Native mode

Native mode is, unsurprisingly, the mode used for maintaining a native package. The main difference to normal mode is that an upstream tarball is not needed. The consequence of this is that most operations, such as importing a new upstream release are not needed.

Setting up the package

Setting up the package is rather easy. If you already have some versions of the package then you can import the history, see the Importing History section below. If you are starting a new package, and you like to use dh_make, then the easiest way is to do that as normal, then build a source package using debuild -S, and then import that as outlined in Importing History.

If you wish to create a new package without using a tool like dh_make then you should see the next section.

If you have an existing package using another version control system then you may prefer to retain the full history by converting it to a Bazaar branch. Once you have done this then you should be able to build it using bzr-builddeb, but you need to tell it that it is a native package. The best way to do this is to use the configuration file, see the next section for details.

Whatever method you wish to use it will probably be beneficial to set up a shared repository for the package. Shared in this context means shared between your branches, rather than shared between users in a public location, the latter can be done later. To set up a repository then you should run (for a package named scruff)

$ bzr init-repo ~/packages/scruff/
$ cd ~/packages/scruff/

and then do all of your work in that directory.

Creating a New Package

Creating a new native package is little more than creating a new Bazaar branch and setting up the configuration file. To set up a branch then use the command

$ bzr init scruff/
$ cd scruff/

Now you have a branch that you will create the package in you need to tell bzr-builddeb that it will be a native package. To do this you need to create the configuration file .bzr-builddeb/default.conf. This contains the default options for the package. The file starts with a [BUILDDEB] header which states that the file is for use by bzr-builddeb. The option we are interested in is the native option. The commands to do this are:

$ mkdir .bzr-builddeb/
$ echo -e '[BUILDDEB]\nnative = True' > .bzr-builddeb/default.conf
$ bzr add .bzr-builddeb/default.conf

Now you are ready to create the package. Add all of the files for the package, and the packaging in debian/, and then you can add the files and commit and you are ready to build.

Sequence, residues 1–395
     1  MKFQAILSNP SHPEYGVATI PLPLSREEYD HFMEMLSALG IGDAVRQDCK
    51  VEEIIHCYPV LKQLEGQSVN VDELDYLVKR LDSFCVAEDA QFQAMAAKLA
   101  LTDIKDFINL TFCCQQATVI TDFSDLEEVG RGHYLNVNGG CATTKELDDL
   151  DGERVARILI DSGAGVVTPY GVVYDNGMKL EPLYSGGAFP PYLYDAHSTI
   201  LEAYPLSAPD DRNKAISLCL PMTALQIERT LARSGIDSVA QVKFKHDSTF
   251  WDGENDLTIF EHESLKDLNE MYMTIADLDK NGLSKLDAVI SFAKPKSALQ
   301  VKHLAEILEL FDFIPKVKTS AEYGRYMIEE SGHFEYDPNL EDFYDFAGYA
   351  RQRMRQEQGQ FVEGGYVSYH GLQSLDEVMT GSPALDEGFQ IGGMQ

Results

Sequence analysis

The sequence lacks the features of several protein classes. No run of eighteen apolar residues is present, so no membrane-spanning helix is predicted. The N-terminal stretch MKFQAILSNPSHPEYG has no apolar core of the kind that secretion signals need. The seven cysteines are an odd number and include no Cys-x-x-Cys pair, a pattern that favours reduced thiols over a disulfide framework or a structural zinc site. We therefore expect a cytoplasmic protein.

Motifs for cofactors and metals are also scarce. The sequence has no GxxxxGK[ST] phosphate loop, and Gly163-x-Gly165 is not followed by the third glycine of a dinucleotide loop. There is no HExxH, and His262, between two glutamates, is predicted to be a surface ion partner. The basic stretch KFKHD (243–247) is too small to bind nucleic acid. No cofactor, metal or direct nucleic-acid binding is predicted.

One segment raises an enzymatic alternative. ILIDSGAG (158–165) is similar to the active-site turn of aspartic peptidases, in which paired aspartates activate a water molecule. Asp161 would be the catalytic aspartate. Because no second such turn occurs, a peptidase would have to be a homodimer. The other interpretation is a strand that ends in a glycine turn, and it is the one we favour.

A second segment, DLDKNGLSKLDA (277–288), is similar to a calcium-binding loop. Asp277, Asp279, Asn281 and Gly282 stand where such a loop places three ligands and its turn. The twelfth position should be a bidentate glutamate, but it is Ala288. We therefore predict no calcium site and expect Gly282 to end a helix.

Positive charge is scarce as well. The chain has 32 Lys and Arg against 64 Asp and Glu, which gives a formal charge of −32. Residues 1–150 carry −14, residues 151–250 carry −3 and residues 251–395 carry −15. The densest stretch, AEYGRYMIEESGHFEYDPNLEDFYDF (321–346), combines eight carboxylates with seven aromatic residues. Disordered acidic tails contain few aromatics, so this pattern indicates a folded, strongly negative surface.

Importing History

If you have several versions of a package available then you can import the history to create your branch to work in. This is easy to do, you just need a collection of source packages to import. You use the import-dsc command to do the import. It takes a list of .dsc files to import as the argument. So if you have all of the history in one directory then you can run

$ bzr init scruff
$ cd scruff
$ bzr import-dsc *.dsc

which will create a branch named scruff, which will have the history populated with the information in the source packages. You can see this with bzr log in the branch, or bzr viz if you have bzr-gtk installed.

It is also possible to retrieve the .dsc files over HTTP, FTP or SFTP automatically. Just give the URIs to the files on the command line instead of local paths. For instance:

$ bzr import-dsc

As it is unwieldy to provide lots of URIs on the command line it is also possible to supply them in a text file. To do this create a text file where every non-blank line is the URI of a .dsc file, or the path to one on the local filesystem. The ordering does not matter, they will be reordered as needed to ensure the history is correct. For instance if the file package-sources contains the list for scruff then the command

$ bzr import-dsc -F package-sources

will import all of the .dsc files listed. You can provide both a file and a list of packages on the command line if you like.

All of the above takes care to create the configuration file that tells bzr-builddeb that you are building a native package, so you should not need to take any extra steps before building the package.

This import functionality is very convenient, but due to the nature of Bazaar it is not a good idea to do this more than once. If there are two contributors to a package, and they both do the import independently then they will find it difficult to merge between themselves, as the two branches are not related in Bazaar's eyes. What should be done is for one of the contributors to perform the import and then make the resulting branch available for the other to work from.

New upstream version

As there is no upstream for a native package then this step is redundant. All you need to do is update the version in debian/changelog. The dch command can help here, for instance

$ dch -i

will add a new changelog stanza, incrementing the version number, and allowing you to add a message for the new version.

There is a command provided by bzr-builddeb for importing a new upstream version. As there is no need to do this for a native package the command will refuse to run against a package that is marked as being native.